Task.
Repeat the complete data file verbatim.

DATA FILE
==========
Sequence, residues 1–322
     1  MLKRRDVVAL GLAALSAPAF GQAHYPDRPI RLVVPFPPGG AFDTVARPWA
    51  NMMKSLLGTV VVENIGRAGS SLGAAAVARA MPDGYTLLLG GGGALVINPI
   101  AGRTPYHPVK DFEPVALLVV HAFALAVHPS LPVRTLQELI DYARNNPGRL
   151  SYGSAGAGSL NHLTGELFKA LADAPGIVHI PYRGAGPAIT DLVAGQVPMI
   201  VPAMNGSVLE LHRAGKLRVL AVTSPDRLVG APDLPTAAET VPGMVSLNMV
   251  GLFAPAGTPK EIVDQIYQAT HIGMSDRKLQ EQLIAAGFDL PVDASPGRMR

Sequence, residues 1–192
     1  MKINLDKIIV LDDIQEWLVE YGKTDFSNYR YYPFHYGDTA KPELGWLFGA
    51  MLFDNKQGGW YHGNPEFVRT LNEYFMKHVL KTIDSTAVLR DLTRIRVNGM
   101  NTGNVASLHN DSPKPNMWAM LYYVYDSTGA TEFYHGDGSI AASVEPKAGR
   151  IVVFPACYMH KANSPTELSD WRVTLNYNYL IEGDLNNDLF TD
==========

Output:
Sequence, residues 1–322
     1  MLKRRDVVAL GLAALSAPAF GQAHYPDRPI RLVVPFPPGG AFDTVARPWA
    51  NMMKSLLGTV VVENIGRAGS SLGAAAVARA MPDGYTLLLG GGGALVINPI
   101  AGRTPYHPVK DFEPVALLVV HAFALAVHPS LPVRTLQELI DYARNNPGRL
   151  SYGSAGAGSL NHLTGELFKA LADAPGIVHI PYRGAGPAIT DLVAGQVPMI
   201  VPAMNGSVLE LHRAGKLRVL AVTSPDRLVG APDLPTAAET VPGMVSLNMV
   251  GLFAPAGTPK EIVDQIYQAT HIGMSDRKLQ EQLIAAGFDL PVDASPGRMR

Sequence, residues 1–192
     1  MKINLDKIIV LDDIQEWLVE YGKTDFSNYR YYPFHYGDTA KPELGWLFGA
    51  MLFDNKQGGW YHGNPEFVRT LNEYFMKHVL KTIDSTAVLR DLTRIRVNGM
   101  NTGNVASLHN DSPKPNMWAM LYYVYDSTGA TEFYHGDGSI AASVEPKAGR
   151  IVVFPACYMH KANSPTELSD WRVTLNYNYL IEGDLNNDLF TD